Museums are vandalising themselves
The Wellcome Collection has closed its flagship exhibition over claims it is ‘racist, sexist and ableist’.
‘What’s the point of museums?’ We might expect this whine from a bored 10-year-old, reluctantly dragged along on a family day out. Not so much from gallery directors and curators. And yet staff at the Wellcome Collection, the Wellcome Trust’s famous medical museum in London, have been asking this very question. In a statement issued last week on Twitter, announcing the closure of Wellcome’s flagship exhibition, the museum’s curators revealed their deep loathing for their own profession.
Wellcome’s ‘Medicine Man’ exhibition, launched in 2007, gathers together objects, paintings and instruments relating to the history of anatomy, surgery and medicine. They were collected by Sir Henry Wellcome, an American pharmaceutical entrepreneur who founded the Wellcome Trust in 1936, over the course of his life.
This free exhibition told not just the story of Wellcome’s own inspirational life and work, but also a global history of science and medicine. But those in charge of it have now decided that this is a story ‘in which disabled people, black people, Indigenous peoples and people of colour were exoticised, marginalised and exploited – or even missed out altogether’. Apparently, it told ‘a version of medical history that is based on racist, sexist and ableist theories and language’. As a result, the exhibition has been permanently closed.
People will no longer be able to see the vast array of objects Wellcome collected. Skulls, skin patches, anatomical models, amputation saws, artificial limbs, metal-plated artificial noses, Napoleon’s toothbrush, a French guillotine, strands of George III’s hair, the death mask of Benjamin Disraeli and Florence Nightingale’s slippers – all of these will soon be locked away in the name of progress. ‘The world has changed in innumerable ways and now is the right time to close this display, which is very much a product of its time’, declare the curators in their pious statement.
Where to start with this? First of all, stating that a collection of historical objects, drawn together by a long-dead philanthropist, is a product of its time is really no great insight. Visitors have long understood this, even if the curators apparently took a while to catch up. What’s striking is that those who work at Wellcome do not seem to see their own self-righteousness as a product of their time – of today’s identitarian mindset.
Whatever the individual motives of past collectors, the desire of people like Henry Wellcome to preserve and catalogue artefacts spoke to an aspiration to share the unfamiliar, to reveal humanity to itself, and to make knowledge universal. Wellcome had a sense that sharing knowledge of the body and healing from other places and times could benefit future generations. Sadly, today’s identity-obsessed museum directors have no such sense of universalism. Their philistine outlook reduces everything to an expression of power relations. They cannot see that closing the ‘Medicine Man’ exhibition impoverishes us all.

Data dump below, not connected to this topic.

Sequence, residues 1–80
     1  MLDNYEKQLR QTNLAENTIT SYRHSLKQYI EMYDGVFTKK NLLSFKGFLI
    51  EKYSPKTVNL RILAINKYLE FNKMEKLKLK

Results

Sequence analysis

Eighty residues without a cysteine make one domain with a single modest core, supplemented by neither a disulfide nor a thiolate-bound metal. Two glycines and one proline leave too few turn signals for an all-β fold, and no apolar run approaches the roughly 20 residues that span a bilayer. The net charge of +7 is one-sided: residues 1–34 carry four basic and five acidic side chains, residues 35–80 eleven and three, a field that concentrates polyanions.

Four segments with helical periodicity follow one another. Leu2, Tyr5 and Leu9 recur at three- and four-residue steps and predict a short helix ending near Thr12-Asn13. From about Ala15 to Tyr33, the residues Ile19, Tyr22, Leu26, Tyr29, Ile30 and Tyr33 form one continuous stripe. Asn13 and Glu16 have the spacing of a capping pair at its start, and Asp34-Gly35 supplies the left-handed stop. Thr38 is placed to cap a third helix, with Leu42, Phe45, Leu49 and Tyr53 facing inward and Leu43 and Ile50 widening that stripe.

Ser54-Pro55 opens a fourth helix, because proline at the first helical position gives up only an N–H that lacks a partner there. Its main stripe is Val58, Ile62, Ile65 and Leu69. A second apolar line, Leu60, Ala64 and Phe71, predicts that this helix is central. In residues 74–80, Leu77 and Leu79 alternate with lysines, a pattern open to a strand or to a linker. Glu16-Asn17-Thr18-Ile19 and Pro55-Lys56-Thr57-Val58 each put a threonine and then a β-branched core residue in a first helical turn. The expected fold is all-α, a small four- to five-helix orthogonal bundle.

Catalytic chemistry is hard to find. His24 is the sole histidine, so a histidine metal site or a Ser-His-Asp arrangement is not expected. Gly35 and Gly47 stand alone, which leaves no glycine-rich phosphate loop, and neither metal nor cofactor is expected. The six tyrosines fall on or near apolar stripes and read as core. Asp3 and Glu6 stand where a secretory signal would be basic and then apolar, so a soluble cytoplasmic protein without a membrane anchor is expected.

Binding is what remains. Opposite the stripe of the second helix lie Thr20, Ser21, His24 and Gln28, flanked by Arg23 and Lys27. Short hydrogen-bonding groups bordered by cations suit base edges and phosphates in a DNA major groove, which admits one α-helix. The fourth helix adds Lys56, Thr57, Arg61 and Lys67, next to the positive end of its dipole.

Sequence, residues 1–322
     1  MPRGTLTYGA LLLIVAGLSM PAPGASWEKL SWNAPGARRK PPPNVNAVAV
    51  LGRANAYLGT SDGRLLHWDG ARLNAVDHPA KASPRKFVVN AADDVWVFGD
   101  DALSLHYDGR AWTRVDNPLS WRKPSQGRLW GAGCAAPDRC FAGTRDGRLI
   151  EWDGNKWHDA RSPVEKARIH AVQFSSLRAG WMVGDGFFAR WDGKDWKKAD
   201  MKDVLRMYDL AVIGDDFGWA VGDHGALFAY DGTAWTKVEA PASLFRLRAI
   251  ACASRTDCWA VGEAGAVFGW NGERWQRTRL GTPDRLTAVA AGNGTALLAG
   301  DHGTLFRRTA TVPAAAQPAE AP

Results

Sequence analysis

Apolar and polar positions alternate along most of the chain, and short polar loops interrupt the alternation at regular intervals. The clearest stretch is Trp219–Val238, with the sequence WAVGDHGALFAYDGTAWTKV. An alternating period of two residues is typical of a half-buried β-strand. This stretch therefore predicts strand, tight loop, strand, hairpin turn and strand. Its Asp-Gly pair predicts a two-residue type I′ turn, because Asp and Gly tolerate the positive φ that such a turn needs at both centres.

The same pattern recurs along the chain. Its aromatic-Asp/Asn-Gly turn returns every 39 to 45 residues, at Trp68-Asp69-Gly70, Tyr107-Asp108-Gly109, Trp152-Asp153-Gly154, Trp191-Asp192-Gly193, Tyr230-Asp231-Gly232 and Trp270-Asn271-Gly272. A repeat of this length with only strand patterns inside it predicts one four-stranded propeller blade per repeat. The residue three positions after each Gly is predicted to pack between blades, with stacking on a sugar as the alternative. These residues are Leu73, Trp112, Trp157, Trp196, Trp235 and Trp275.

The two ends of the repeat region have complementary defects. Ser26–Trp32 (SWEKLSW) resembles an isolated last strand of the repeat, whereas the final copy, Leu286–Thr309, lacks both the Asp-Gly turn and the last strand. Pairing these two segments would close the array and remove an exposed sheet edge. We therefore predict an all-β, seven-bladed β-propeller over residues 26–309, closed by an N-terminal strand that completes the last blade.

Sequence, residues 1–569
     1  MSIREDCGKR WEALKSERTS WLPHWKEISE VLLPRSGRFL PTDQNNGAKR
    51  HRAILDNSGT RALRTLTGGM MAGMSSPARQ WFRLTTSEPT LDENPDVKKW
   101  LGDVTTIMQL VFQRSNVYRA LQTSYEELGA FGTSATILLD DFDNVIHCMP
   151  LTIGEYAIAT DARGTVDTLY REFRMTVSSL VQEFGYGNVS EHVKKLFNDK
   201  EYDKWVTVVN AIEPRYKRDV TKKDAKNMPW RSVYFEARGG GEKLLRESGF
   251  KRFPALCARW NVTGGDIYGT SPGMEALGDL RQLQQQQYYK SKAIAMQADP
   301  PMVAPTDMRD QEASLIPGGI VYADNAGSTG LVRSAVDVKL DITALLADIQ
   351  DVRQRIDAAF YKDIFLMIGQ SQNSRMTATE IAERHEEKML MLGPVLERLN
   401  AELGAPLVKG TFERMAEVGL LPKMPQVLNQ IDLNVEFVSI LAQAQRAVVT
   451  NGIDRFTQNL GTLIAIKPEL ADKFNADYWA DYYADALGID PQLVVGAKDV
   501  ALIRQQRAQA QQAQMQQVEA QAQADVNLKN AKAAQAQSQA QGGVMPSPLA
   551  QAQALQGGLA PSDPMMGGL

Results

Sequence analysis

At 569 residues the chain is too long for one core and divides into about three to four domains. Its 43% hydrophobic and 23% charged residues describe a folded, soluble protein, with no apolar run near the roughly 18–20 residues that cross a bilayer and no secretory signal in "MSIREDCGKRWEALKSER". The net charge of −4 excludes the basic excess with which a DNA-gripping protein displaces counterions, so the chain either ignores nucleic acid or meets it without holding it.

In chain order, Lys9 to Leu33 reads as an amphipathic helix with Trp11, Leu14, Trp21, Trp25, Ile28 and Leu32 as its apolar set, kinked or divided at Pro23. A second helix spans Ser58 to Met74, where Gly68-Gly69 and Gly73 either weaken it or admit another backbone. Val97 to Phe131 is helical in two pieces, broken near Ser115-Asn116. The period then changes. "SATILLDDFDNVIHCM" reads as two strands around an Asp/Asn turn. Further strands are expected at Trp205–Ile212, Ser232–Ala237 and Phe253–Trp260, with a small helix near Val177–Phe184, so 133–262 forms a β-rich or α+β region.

The Wellcome Collection’s staff have damned their own exhibition by claiming it ‘perpetuate[s] the wrong view of history’. What a revealing statement. These overpaid ignoramuses have judged history and found it to be ‘wrong’. The past apparently falls short of their fashionable woke standards and so must be erased.
Regrettably, this attitude is not confined to the Wellcome Collection. It is shared by academic decolonisers, statue-removers and museum directors the length and breadth of the UK. This desire to cleanse monuments and exhibitions is driven by a philistine alienation from the achievements of previous generations, and by a contempt for ordinary people in the present. Today’s elites see the past as morally toxic. And they’d prefer that people today remain ignorant rather than risk contamination.
Henry Wellcome’s critics are right to say that, over the course of his life, he amassed enormous wealth, power and privilege. He may even have exploited the communities from which he took the objects for his collection. But people, like the past, are rarely simply ‘right’ or ‘wrong’.
In his lifetime, Wellcome’s company mass produced insulin and created a vaccine for diphtheria. He founded what is still Britain’s biggest charity, with £36 billion in assets used to finance medical research. Wellcome was long gone when his investments funded the first drugs for leukaemia and HIV.
Given all this, the sight of people whose wages are paid from Wellcome’s continued legacy denouncing him for having ‘the privilege of a wealthy white man in the Victorian era’ is appalling. These people are not only ignorant and narcissistic, they are also depriving future generations of the wealth of knowledge that was Wellcome’s gift to the world.
The Wellcome Collection’s curators are happy to take their founder’s money but contemptuous of his legacy. They are not preservers of the past, but cultural vandals intent on destroying humanity’s shared history. When museums become just another site for woke hectoring and identitarian grievance-mongering, we will all be asking: what’s the point?
Joanna Williams is a spiked columnist and author of How Woke Won, which you can order here.
Picture by: The Wellcome Collection.